The world is our oyster. But as we all travel around the world more, the world gets more hurt.
While traveling brings about tourism, it is precisely because of this correlation that the world is endangered. Tourism can bring about irreversible negative environmental, social and economical impacts, and we are being destroyed by the minute every day.
Sustainable Tourism is hence so vital in protecting this world we live in, and that means we should be considerate and only positively impact the places we visit. With the recent decision made by Italy to restrict the number of visitors to its gorgeous Cinque Terre evokes even more sentiments about tourism sustainability.
All of us have a part to play in this world – you and me, we are all responsible for this very world we live in. And when we travel, we ought to be responsible travellers too.
UNESCO WORLD HERITAGE SITES
Government organisations are more often than not the biggest stakeholder in tourism, and it is with constant and concerted effort that everyone fights to protect their countries’/ cities’ heritage places. It can be a temple, a museum, a park, a building or even a whole island.
Funds are managed and awarded to the various places that deserve preservation and conservation. The selection process happens once a year, and places are selected based on their natural and cultural importance to the country/ city and humanity.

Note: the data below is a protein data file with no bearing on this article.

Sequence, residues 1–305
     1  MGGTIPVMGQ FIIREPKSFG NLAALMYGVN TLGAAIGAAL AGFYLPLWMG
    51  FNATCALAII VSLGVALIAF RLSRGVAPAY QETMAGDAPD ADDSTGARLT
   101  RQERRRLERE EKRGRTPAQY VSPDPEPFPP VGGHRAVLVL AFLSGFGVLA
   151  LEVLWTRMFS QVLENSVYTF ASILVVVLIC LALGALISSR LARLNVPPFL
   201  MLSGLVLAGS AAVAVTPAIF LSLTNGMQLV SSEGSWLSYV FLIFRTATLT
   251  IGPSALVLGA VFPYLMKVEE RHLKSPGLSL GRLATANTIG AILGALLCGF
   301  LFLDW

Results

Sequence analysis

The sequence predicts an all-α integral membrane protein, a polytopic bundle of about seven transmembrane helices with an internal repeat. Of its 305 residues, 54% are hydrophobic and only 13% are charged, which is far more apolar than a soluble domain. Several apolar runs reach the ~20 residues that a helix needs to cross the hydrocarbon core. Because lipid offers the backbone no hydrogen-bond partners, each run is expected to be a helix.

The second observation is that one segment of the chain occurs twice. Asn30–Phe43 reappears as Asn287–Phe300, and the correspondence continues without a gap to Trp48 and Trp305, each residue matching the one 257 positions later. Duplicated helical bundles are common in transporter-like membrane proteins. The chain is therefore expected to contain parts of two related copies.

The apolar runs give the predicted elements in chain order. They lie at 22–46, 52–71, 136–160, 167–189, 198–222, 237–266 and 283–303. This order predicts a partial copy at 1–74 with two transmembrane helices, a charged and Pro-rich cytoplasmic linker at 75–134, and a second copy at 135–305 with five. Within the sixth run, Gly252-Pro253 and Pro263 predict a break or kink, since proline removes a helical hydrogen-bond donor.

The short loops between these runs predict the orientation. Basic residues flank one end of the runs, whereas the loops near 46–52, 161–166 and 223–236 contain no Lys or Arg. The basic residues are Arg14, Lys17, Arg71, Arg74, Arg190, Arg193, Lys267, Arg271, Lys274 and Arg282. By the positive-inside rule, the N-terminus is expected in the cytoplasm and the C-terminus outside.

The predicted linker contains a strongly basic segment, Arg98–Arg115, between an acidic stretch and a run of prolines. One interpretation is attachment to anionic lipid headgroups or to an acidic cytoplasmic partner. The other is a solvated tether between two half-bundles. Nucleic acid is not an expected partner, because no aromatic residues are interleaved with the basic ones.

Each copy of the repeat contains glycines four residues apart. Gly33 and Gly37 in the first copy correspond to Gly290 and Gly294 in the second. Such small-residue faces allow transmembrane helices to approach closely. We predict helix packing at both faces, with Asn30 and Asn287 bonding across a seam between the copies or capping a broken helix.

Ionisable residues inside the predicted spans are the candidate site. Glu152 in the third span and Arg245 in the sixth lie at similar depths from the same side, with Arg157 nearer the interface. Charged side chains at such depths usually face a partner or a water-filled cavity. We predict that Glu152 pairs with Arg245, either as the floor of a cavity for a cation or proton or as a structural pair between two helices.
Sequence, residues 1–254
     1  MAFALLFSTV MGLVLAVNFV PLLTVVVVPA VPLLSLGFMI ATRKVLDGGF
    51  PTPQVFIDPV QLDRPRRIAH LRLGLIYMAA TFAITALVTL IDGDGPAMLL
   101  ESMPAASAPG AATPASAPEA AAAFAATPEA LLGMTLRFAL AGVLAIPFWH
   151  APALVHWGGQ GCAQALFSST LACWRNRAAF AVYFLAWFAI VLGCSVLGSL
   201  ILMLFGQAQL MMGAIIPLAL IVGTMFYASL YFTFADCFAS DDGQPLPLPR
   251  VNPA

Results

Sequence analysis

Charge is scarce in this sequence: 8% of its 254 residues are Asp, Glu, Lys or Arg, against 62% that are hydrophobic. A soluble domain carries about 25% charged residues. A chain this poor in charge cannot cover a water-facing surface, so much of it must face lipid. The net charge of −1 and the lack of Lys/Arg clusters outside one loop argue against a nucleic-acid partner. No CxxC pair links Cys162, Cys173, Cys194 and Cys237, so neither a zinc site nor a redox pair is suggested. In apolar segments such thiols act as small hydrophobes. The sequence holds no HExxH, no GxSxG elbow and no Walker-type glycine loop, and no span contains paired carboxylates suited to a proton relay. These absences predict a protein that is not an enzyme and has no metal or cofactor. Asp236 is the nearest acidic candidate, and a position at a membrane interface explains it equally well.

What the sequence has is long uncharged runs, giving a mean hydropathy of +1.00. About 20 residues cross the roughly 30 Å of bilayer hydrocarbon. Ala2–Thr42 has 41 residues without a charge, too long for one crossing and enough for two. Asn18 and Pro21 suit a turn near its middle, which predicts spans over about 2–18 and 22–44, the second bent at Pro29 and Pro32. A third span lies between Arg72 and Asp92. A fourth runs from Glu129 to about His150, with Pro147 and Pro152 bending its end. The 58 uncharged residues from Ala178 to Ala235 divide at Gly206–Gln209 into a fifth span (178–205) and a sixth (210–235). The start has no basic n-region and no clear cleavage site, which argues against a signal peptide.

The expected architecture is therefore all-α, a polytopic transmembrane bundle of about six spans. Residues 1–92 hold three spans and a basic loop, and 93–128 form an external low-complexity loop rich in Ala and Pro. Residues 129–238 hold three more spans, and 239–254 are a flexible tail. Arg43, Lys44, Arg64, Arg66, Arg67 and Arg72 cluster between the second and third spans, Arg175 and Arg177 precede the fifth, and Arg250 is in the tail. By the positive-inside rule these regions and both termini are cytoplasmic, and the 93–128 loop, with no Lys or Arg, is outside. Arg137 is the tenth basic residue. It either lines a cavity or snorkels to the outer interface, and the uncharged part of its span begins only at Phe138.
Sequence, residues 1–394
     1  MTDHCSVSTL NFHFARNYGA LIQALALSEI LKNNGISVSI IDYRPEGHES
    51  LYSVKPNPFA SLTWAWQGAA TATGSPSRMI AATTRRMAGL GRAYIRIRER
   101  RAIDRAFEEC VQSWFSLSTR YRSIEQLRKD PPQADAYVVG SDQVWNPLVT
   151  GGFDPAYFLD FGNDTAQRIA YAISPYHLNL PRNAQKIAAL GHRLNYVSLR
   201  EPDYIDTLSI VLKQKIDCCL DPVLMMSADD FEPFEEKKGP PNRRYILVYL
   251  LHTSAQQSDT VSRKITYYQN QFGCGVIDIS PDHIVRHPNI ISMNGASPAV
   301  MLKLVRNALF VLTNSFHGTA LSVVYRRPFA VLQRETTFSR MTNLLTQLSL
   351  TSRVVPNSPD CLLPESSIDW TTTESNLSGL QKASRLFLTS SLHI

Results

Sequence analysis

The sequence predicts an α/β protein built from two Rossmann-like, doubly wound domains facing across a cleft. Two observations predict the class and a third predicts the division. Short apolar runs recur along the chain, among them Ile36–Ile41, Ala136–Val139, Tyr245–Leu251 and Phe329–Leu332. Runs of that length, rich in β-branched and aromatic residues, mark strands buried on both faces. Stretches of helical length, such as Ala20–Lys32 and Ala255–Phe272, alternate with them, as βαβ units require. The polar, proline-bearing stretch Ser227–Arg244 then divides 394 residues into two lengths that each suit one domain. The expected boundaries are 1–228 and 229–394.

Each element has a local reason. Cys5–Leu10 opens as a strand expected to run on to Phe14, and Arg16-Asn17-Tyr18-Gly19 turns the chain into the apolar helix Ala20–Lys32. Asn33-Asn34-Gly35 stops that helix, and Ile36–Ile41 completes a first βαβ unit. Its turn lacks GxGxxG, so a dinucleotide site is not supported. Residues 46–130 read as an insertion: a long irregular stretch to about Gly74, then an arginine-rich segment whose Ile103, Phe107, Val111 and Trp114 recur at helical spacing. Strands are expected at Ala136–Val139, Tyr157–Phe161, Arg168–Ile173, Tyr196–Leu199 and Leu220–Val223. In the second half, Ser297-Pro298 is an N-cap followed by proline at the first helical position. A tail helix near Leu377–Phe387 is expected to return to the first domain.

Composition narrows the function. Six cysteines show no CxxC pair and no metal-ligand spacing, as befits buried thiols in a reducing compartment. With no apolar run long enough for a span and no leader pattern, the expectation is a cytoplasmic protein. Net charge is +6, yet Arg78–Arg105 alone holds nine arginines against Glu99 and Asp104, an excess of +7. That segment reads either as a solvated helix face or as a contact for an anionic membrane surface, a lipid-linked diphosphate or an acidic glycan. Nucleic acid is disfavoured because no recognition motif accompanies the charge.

Italy is home to the most number of UNESCO World Heritage sites.
With the UNESCO World Heritage Committee, these monumental places that carry heavy importance and significance are protected and preserved, and all that we enjoy today can too be enjoyed by many more generations to come.
We are stakeholders of our world too. Whether we are living in our homeland or visiting a country/ city, the saying goes, “the objective is to create a better place for people to live in and to visit.”
Responsible tourism is displayed through our behaviour. While it all differs from individual to individual, the rationale stays – to make positive contributions to conversations, and to minimise social, economical and environmental damage.
There are many ways to being a responsible tourist, and the list starts now.
DO NOT LITTER
Well, this is basic. You do not even do this at home, so why do it at someone else’s home?
The dustbin may be a kilometre away, but walk anyway. Dumping your rubbish inconsiderately and illegally is the darnest thing you could ever do to this wonderful world that shelters you and comforts you, so do not litter wherever you go.
Let the world continue to shine in its full glory.
CONSERVE WATER AND REDUCE ELECTRICITY CONSUMPTION
We are somehow guilty of taking luxurious showers when we are in a foreign land, even more so if we are putting up at nice accommodations.
The logic stays – if you do not do it at home, then don’t do it at someone else’s home.
Shower as you normally would. Skip the bubble bath. Switch off the tap fully. Flush with consideration.
As with electricity. Switch off the lights before you head out. Unplug your charging devices when you are done with charging. And switch on only what is necessary.